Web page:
Fake Instagram Account Shows It’s Not Always Easy To Spot Addiction

By Britni de la Cretaz 10/11/16

The "Like My Addiction" campaign was created to raise awareness of drinking among young people.

Fake Instagram Account Shows It’s Not Always Easy To Spot Addiction

If someone you knew had a drinking problem, would you be able to spot it?

That’s the question Addict Aide, a French organization that works to bring awareness to drug and alcohol use disorders, wanted answered. To prove the point that it’s not always easy to spot addiction, even in people close to you, the organization—with help from ad agency BETC—launched a campaign called “Like My Addiction” in the form of a fake Instagram account: @louise.delage.

Louise was a 25-year-old woman who posted photos of herself living a life that most people would be envious of. However, if you looked closely, there was something you’d notice about her photos. In the majority of the pictures posted to Louise’s account, she has a drink in her hand.

The ad campaign was both a brilliant commentary on addiction not looking like what many people suspect it does, and a great way to use a social media platform to get that message across. BETC president and creative director Stéphane Xiberras told AdFreak that they thought setting up a fake Instagram account would be “an interesting way of showing … a person people would meet every day but whom we'd never suspect of being an addict.”

In the United States, alcohol is the most commonly used addictive substance, according to the National Council on Alcoholism and Drug Dependence (NCADD), and one in every 12 adults abuse or depend on alcohol. Yet, in a culture where binge drinking and social drinking is normalized, it can be hard to catch.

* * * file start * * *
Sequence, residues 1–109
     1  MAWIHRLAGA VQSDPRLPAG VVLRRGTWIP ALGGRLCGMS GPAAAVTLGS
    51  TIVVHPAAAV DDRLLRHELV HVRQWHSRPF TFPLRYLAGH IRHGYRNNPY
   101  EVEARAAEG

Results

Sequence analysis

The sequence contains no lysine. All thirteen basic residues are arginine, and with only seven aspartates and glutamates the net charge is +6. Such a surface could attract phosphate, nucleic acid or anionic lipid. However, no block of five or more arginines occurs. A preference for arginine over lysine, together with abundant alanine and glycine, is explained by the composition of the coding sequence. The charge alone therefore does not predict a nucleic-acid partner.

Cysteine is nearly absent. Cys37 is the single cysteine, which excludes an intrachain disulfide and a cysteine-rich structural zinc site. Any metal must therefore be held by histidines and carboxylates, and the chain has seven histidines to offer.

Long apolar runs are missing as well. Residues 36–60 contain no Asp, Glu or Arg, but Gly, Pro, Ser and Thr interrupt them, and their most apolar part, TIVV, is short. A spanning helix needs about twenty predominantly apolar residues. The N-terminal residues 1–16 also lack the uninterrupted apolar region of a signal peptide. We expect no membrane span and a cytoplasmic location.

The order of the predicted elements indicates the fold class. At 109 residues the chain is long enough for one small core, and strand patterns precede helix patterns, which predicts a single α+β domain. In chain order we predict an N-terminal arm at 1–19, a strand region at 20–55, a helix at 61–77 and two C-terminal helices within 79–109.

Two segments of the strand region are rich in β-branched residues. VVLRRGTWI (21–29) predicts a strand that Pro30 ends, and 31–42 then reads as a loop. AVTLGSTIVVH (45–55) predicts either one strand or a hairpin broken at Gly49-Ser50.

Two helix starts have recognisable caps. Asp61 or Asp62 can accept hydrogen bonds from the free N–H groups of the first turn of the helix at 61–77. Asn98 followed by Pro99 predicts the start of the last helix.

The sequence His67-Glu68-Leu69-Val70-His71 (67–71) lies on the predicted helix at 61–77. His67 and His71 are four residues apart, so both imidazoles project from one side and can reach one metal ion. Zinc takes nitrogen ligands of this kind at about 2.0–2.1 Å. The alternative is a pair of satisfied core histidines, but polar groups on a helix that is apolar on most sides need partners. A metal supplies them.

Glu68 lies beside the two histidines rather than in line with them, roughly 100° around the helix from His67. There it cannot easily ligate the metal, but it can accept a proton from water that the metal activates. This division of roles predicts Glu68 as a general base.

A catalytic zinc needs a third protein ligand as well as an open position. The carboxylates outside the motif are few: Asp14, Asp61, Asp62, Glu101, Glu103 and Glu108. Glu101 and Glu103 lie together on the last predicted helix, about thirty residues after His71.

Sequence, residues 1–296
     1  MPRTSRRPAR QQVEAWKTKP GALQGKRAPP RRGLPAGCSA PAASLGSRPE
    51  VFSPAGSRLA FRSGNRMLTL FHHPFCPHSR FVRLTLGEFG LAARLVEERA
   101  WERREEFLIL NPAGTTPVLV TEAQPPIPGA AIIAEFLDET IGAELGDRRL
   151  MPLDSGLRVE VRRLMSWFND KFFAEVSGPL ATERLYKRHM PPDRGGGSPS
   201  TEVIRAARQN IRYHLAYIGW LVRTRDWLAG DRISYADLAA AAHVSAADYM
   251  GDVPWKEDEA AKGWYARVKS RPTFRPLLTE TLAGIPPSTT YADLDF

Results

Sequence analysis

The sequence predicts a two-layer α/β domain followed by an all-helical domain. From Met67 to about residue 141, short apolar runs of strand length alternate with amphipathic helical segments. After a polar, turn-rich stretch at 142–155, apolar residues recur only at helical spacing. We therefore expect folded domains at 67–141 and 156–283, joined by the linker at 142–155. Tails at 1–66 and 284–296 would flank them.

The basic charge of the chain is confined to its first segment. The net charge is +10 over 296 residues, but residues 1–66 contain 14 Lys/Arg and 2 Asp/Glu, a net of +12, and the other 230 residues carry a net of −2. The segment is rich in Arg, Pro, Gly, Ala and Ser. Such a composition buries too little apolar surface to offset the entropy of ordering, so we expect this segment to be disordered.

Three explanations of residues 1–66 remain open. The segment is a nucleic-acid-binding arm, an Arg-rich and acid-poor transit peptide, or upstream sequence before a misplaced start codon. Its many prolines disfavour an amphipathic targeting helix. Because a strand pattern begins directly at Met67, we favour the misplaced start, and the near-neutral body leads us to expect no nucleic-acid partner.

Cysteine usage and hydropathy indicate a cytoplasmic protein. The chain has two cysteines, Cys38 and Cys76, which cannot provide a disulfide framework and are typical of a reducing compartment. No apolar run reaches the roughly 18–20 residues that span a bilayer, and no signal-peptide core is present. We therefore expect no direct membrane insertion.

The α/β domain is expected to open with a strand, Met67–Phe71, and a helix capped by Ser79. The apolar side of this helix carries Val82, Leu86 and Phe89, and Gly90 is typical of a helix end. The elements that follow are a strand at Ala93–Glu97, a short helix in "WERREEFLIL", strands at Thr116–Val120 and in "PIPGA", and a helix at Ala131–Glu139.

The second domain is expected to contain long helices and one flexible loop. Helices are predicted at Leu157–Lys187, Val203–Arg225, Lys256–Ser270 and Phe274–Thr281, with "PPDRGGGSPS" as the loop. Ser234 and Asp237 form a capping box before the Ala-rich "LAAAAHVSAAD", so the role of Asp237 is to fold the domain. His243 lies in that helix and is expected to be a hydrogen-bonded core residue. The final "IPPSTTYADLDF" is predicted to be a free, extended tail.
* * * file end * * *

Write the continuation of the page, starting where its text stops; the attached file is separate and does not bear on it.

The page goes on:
The National Institute on Alcohol Abuse and Alcoholism (NIAAA) has a list of questions to ask if you suspect that a loved one may be struggling with alcohol use disorder (AUD). They include questions like “In the past year, have you or your loved one had times when you ended up drinking more, or longer than you intended?” and “In the past year, have you or your loved one spent a lot of time drinking or being sick or getting over the aftereffects?”

"If somebody is concerned about a loved one or someone in their lives and their drinking, the first thing you do is ask them gentle questions—you follow up," Aaron White, Ph.D., senior scientific advisor at the NIAAA, told SELF. "And you do it in a very nonjudgmental, very caring way, and you try to help guide that person to the resources they need if you feel they need some help."

Ultimately, not many people among Louise's nearly 100,000 followers caught on to her drinking problem. "We hoped for more followers to take notice of Louise's behavior,” Xiberras told AdFreak

However, this proves the point of the campaign: that it’s not always easy to tell when someone is struggling with alcoholism.

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Britni de la Cretaz is a freelance writer, baseball enthusiast, and recovered alcoholic living in Boston. Follow her on Twitter at @britnidlc.